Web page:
JOURNAL ARTICLE
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[Management of finger-level avulsion injuries].

BACKGROUND: In avulsion-type injuries of the fingers recovery of blood circulation is one of the major obstacles. The indication for finger reconstruction is discussed controversely, being influenced by the patient's needs, the degree of damage to the soft tissue and the prospects of success of the healing process. In this study we present our results after reconstruction of avulsion-type injuries of the fingers. Indications for finger reconstruction will be assessed in consideration of the expected outcome.

PATIENTS AND METHODS: From 1999 to 2006 we treated 18 patients with finger level avulsion injuries. 15 casualties were caused by rings and three by ropes looped around a digit. The median age at injury was 23 (12 - 66) years. All patients were examined by an independent observer, who did not participate in the operation. Criteria were functional outcome and patient's complaints and satisfaction. Sensibility was evaluated by 2-point discrimination applying the Greulich star. Finger mobility was assessed with the Buck-Gramcko goniometer.

RESULTS: According to the classification of Urbaniak as modified by Kay, 2 patients ranked in class II, 3 in class III and 13 suffered from complete avulsion-amputations (class IV). Of the latter, 8 allowed primary reconstruction of the blood circulation. Two fingers required early or late secondary amputation. After finger reconstruction, patients spent a median time of 18 (12 - 32) days in hospital while primary amputation resulted in a shorter stay of 4 (2 - 5) days. Active motion after replantation in the proximal interphalangeal joint was reduced on average to 64 (25 - 100) degrees. The distal interphalangeal joint nearly ankylosed in all patients following replantation except for one case with an active motion of 40 degrees . Good sensibility could be achieved in one case, protective sensibility in three and none in two patients. All patients with preserved fingers would again decide in favour of finger replantation.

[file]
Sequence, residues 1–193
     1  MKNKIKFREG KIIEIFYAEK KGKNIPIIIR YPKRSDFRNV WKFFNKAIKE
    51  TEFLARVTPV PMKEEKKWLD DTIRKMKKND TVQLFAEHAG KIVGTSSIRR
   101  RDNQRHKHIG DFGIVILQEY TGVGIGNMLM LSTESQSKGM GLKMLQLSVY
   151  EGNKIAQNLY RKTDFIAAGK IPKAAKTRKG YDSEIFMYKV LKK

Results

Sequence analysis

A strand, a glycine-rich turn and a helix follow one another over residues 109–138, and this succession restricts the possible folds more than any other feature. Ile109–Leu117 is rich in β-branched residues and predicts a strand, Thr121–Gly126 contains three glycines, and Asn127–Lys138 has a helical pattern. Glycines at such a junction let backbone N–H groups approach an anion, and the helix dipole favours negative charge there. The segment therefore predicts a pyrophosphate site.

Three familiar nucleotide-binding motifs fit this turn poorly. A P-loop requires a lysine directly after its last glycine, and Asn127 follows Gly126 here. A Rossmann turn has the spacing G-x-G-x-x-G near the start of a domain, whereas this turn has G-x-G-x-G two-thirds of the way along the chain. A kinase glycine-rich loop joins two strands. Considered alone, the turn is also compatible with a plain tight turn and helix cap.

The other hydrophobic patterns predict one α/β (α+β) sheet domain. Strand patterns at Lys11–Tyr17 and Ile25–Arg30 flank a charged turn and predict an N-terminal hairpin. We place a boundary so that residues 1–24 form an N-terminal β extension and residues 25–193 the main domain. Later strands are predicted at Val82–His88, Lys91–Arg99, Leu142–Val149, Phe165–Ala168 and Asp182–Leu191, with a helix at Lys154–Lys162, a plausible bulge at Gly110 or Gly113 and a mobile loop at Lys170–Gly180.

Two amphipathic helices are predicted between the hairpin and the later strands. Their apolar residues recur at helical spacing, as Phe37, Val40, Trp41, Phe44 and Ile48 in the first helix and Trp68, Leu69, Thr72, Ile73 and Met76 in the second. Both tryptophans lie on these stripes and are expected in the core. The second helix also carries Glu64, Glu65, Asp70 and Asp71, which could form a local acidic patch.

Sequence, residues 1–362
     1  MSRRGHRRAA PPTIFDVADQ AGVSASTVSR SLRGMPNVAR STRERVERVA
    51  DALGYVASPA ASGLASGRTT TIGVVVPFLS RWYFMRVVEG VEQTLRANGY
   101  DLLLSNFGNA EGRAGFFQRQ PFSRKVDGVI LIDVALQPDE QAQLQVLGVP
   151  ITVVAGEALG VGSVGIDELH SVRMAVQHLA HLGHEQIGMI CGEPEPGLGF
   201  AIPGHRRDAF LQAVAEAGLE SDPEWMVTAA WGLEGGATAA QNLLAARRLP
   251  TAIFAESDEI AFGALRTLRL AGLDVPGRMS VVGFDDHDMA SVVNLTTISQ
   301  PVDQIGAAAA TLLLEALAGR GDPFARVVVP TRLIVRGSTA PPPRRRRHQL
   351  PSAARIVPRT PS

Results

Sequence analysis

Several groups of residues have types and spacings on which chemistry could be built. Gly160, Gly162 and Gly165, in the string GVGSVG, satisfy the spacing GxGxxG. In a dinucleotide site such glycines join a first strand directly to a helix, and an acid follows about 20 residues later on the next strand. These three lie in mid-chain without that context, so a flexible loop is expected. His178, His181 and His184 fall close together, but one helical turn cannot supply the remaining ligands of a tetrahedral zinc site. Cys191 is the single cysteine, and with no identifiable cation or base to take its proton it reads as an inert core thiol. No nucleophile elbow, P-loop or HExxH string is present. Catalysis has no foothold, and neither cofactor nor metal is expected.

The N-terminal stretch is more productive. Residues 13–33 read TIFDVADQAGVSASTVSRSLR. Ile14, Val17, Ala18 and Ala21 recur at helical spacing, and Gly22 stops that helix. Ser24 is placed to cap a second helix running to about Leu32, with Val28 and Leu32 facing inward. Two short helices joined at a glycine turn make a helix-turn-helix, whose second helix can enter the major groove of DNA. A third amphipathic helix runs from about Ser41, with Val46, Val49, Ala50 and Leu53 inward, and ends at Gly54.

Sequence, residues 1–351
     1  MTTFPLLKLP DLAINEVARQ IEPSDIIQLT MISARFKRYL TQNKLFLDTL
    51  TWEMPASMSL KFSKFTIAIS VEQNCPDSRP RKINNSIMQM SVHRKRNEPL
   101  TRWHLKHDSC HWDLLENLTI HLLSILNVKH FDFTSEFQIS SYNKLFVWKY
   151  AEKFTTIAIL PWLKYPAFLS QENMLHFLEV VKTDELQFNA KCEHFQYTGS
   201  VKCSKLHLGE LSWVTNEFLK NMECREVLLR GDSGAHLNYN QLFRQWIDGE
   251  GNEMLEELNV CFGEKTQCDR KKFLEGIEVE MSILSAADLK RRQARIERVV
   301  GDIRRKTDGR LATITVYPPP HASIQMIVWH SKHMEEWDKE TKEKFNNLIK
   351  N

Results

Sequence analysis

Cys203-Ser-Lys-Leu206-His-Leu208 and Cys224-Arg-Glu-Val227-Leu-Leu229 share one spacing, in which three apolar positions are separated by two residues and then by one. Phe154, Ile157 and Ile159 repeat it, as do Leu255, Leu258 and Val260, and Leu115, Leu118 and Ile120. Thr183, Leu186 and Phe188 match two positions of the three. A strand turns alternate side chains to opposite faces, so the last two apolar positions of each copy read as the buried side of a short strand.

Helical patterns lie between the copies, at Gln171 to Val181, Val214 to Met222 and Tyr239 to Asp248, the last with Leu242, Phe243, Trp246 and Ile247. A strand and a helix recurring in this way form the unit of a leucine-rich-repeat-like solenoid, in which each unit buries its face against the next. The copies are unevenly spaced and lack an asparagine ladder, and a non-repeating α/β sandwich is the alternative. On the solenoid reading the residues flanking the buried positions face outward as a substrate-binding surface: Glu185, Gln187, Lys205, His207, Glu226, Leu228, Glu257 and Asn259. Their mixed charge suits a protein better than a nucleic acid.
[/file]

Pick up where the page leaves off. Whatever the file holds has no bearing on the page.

CONCLUSION: In specialised centres replantation of complete avulsion-type finger amputations can be achieved. The decision for or against replantation should only be made after microsurgical assessment of the severed soft tissue and in consideration of the patient's specific demands. With the right indication for reconstruction, the patient's satisfaction often outweighs even poor functional outcomes.

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